Glenn Greenwald has been leading the charge against Steny Hoyer’s FISA capitulation plan. It’s very comforting to see that the New York Times’ editorial board agrees with us that Hoyer’s plan is an outrage:
This week, the White House and Democratic and Republican leaders on Capitol Hill hope to announce a “compromise” on a domestic spying bill. If they do, it will be presented as an indispensable tool for protecting the nation’s security that still safeguards our civil liberties. The White House will paint opponents as weak-kneed liberals who do not understand and cannot stand up to the threat of terrorism.
The bill is not a compromise. The final details are being worked out, but all indications are that many of its provisions are both unnecessary and a threat to the Bill of Rights. The White House and the Congressional Republicans who support the bill have two real aims. They want to undermine the power of the courts to review the legality of domestic spying programs. And they want to give a legal shield to the telecommunications companies that broke the law by helping Mr. Bush carry out his warrantless wiretapping operation.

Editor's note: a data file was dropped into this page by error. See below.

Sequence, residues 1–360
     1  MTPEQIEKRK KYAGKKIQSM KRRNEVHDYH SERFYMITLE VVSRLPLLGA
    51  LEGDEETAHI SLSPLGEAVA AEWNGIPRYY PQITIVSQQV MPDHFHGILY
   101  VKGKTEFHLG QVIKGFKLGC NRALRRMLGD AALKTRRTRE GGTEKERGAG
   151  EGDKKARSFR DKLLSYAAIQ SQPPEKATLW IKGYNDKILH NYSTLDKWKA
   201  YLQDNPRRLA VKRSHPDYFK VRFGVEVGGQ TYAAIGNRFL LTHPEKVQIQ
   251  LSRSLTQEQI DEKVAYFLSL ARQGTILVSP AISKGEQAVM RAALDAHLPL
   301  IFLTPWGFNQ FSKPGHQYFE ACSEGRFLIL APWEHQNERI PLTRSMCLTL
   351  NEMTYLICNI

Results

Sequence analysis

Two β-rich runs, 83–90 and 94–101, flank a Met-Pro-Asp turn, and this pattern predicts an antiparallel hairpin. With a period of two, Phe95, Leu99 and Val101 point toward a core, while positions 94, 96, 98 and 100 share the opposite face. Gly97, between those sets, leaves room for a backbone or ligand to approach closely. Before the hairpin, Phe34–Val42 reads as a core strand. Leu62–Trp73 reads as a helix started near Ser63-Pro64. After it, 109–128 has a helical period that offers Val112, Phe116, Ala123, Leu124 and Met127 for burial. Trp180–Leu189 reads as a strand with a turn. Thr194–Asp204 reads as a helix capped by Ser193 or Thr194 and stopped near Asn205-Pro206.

Bingo. The editorial goes on to detail the sham more thoroughly. The big ‘concession’ in this deal is that the matter of retroactive immunity for telecom corporations will be decided in a federal district court rather than in the ultra-secret FISA court.
What is unacceptable, though, is that the district court would be instructed to decide based solely on whether the Bush administration certifies that the companies were told the spying was legal. If the aim is to allow a court hearing on the president’s spying, the lawsuits should be allowed to proceed — and the courts should be able to resolve them the way they resolve every other case. Republicans, who complain about judges making laws from the bench, should not be making judicial decisions from Capitol Hill.